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Working Lives exhibition opens in Dublin

The National Library of Ireland has opened a new photograph exhibition to the public documenting the everyday working life of Irish labourers at the turn of the 20th Century. The collection of works will feature 148 photographs of workers in Ireland from 1893- 1913 which was a time of massive change for workers in Ireland. The new exhibition is entitled “Working Lives 1893-1913” and uses a host of images that have been taken from two collections. The first is called The Poole collection of photographic glass negatives which dates from as far back as from 1884, and the Mason collection of 2000 glass lantern slides, which dates from 1890.

 The images depict the working conditions and the tools and technologies used by the men, women and children who were working in the public and private sectors of the time up until the point of the 1913 Dublin lockout. The pictures range from young boys tending to turf in Irish bogs to images of shaven headed boys fixing fishing nets and young girls working on spinning wheels in factories.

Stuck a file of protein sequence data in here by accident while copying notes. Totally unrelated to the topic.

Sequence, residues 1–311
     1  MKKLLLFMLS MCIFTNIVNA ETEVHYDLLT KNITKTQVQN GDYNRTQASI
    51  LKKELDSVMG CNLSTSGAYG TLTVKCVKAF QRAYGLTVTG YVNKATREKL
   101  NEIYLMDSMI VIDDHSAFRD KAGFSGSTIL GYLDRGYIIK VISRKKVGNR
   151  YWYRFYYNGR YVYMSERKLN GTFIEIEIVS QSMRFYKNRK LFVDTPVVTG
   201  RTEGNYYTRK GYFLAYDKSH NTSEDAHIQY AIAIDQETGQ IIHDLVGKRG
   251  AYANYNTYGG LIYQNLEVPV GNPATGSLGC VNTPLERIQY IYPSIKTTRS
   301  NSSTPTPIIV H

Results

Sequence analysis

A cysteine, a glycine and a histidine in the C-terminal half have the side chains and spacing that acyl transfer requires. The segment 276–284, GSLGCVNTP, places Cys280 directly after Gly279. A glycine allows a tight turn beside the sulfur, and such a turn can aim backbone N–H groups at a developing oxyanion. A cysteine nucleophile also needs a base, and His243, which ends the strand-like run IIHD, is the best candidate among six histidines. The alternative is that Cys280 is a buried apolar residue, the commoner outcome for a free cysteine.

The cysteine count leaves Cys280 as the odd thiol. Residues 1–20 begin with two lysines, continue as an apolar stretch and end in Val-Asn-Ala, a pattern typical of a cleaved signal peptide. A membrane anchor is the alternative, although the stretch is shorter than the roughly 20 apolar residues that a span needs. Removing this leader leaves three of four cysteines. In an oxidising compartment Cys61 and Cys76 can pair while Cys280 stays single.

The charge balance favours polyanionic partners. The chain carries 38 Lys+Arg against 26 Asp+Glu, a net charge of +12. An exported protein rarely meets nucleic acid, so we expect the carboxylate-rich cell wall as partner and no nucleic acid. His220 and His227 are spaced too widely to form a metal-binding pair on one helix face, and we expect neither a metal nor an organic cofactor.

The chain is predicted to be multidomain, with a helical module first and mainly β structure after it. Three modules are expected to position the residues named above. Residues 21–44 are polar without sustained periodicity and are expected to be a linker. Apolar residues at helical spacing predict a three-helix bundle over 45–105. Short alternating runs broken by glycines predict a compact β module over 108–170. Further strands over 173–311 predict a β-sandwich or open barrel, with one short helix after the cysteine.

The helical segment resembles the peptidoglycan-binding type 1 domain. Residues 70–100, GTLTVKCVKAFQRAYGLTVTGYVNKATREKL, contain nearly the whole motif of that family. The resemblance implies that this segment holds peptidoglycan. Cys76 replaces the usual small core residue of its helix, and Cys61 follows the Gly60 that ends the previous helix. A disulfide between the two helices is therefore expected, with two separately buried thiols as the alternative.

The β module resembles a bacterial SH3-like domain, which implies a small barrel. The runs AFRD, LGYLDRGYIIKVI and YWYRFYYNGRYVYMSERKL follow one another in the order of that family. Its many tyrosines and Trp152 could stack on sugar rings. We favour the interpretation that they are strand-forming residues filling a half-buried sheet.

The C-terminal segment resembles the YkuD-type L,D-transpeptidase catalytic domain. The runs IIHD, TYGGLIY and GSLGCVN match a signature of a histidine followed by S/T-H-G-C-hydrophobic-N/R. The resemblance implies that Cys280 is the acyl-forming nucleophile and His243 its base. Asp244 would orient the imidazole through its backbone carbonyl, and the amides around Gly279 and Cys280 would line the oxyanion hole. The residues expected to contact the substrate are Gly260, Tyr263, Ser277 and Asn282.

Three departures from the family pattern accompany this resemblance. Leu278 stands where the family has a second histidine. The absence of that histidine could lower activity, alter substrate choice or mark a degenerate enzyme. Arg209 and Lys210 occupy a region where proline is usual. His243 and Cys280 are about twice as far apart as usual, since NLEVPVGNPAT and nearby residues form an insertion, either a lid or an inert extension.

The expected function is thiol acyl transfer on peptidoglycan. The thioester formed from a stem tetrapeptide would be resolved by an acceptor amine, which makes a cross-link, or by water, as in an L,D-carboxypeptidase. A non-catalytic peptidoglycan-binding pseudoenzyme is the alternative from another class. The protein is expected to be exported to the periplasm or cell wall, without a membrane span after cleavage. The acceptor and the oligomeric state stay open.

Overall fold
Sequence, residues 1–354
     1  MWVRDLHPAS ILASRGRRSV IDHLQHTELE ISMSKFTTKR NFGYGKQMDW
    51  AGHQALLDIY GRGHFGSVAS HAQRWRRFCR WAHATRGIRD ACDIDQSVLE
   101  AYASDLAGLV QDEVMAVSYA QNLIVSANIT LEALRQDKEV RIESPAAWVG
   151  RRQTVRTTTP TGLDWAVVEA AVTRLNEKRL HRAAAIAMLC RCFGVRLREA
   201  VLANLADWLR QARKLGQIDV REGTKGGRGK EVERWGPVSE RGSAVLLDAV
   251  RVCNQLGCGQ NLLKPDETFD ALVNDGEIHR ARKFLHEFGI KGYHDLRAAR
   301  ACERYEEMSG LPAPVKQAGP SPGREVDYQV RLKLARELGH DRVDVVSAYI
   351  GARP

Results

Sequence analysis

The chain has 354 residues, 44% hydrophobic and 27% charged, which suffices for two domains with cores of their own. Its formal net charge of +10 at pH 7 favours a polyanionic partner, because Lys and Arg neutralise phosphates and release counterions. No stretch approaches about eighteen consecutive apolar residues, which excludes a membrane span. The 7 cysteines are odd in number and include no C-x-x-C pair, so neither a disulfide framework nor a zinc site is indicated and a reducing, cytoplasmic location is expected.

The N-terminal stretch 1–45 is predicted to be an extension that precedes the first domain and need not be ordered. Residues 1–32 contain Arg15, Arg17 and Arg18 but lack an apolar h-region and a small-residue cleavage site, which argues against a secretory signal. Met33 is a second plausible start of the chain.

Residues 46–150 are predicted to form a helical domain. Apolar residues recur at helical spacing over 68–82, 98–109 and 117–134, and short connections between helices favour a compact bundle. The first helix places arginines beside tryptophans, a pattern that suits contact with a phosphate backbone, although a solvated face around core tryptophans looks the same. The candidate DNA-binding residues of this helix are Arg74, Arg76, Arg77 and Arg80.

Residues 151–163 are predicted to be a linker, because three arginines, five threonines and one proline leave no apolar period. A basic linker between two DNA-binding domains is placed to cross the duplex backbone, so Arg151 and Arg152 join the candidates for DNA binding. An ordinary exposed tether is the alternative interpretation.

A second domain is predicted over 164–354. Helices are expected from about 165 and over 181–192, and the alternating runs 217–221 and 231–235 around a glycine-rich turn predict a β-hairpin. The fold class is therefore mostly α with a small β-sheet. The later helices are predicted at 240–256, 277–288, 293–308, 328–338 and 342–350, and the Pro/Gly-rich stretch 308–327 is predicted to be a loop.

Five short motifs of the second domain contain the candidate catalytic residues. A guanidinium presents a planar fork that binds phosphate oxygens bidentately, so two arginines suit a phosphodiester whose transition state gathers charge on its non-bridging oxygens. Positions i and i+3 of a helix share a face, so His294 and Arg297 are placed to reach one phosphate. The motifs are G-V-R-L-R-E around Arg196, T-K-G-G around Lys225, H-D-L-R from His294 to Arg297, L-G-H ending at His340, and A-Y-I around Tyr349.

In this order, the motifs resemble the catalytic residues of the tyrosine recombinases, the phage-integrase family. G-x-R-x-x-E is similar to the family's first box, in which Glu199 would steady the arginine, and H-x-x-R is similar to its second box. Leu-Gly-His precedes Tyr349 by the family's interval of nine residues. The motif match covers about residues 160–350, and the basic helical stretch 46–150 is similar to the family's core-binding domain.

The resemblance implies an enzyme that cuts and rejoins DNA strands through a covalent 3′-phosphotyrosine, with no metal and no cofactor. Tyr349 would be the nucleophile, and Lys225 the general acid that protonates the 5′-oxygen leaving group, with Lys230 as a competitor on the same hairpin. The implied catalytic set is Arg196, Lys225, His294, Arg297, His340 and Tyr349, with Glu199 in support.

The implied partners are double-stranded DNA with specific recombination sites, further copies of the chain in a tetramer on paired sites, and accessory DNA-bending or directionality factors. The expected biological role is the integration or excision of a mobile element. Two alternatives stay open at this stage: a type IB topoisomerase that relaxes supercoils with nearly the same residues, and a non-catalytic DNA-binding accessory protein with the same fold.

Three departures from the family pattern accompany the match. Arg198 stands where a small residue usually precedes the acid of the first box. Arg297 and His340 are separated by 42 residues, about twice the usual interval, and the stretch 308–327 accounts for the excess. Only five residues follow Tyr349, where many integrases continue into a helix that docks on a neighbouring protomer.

Another of the images entitled “Saving the tobacco crop” depicts a photograph of men, women and children who are holding sticks which contain tobacco leaves. It is a striking image which shows that the tobacco crop was in high demand and was grown and harvested in Ireland at the time. Some of the images hold fascinating facts and figures about the rate of employment in the country at the time also. For example in the census for Dublin in 1851, 45% of men had jobs and 56% of women in the county also had employment at the time.

 The exhibition gives a wonderful insight into how the Irish worked at the turn of the 20th century and how technology and the fallout of the 1913 strike and lockout effected the average labour workers of this country. The exhibition will run in the National Library from October until May at the Temple Bar venue and admission to the public is free.


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